The Alaska Native plaintiffs filed the lawsuit three and a half years after the State of Alaska settled a similar lawsuit filed by Native voters from the Bethel region in Nick, et al. v. Bethel, et al.  The evidence at trial established that state election officials made a policy decision to only provide limited, if any, language assistance to Native voters in the three regions immediately adjacent to the Bethel area.  Under Section 203 of the Voting Rights Act, state election officials are required to translate ballots and other election materials and information into Gwich’in and Yup’ik.  Officials also must provide trained bilingual staff to register voters and to help voters at the polls through complete, accurate, and uniform translations.

Judge Gleason found that the State fails to provide limited-English proficient Alaska Native voters with voting information substantially equivalent to what voters receive in English, in violation of Section 203.  The State places much of the burden for translations on “outreach workers” from Native villages in the three regions.  Judge Gleason determined that those workers are asked by the State to provide only limited translations, with no instructions to translate the Official Election Pamphlet the State sends out before each election.  Judge Gleason noted that the State compounds these violations through its limited efforts to inform voters that language assistance is available.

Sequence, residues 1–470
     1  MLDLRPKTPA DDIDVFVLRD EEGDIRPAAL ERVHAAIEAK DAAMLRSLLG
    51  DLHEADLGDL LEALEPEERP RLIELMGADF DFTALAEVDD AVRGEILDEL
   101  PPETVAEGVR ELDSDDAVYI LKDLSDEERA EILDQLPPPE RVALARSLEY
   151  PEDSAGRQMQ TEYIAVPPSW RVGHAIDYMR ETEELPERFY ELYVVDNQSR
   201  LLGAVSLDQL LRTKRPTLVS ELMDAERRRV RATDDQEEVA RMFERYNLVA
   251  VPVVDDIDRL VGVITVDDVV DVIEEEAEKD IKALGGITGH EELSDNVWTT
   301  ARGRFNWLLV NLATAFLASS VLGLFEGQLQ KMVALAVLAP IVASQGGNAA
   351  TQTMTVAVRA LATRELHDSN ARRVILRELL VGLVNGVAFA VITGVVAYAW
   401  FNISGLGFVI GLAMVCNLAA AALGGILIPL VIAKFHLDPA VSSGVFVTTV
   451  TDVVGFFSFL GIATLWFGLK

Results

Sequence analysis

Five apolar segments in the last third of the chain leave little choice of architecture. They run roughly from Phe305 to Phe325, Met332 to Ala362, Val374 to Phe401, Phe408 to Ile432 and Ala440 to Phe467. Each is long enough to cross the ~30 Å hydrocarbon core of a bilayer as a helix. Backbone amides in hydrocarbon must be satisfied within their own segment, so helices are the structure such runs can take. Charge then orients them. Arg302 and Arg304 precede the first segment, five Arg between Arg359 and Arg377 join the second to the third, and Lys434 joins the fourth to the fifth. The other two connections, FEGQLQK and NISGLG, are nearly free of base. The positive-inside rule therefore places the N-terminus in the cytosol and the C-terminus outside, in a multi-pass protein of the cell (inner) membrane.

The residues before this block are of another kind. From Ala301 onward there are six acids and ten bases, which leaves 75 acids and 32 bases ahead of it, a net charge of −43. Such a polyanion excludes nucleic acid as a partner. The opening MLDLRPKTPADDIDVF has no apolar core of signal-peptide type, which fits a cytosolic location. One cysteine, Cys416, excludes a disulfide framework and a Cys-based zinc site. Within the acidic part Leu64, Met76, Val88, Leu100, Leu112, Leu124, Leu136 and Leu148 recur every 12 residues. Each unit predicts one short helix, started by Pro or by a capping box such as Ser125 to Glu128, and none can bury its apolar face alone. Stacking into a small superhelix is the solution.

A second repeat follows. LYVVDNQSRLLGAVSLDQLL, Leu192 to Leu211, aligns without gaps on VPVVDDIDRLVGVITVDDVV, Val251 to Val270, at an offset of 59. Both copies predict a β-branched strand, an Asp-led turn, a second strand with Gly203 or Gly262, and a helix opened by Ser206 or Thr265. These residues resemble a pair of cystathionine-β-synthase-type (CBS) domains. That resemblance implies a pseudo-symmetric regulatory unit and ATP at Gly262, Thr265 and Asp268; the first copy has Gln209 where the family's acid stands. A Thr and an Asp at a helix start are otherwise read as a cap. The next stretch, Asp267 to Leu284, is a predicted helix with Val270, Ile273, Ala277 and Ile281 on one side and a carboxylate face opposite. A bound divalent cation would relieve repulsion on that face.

Furthermore, Judge Gleason found that the State fails to translate voting information into dialects of Yup’ik spoken in the Dillingham and Wade Hampton regions.  Instead, the State only offers a single translation into the Central Yup’ik dialect that is not widely spoken and has “limited value” in villages outside the Bethel region.  The State has been informed about the dialectical differences many times over the years, but has taken no action.  Judge Gleason concluded that the State’s failure to account for other dialects of Yup’ik denies voters outside the Bethel area information they need to cast an informed ballot.

Judge Gleason alluded to the State’s longstanding violations of Section 203.  She observed that the State previously settled the Nick litigation involving similar claims in the Bethel area.  She further noted that the State has had a “rocky road” with the United States Department of Justice since first becoming covered by Section 203 in 1975.  Except for 2008, when the State translated only two out of four ballot questions, Judge Gleason found that no Gwich’in translations have been provided in the Yukon-Koyukuk region beyond what individual translators might communicate.  No Gwich’in audio translations are provided on touch-screen voting units.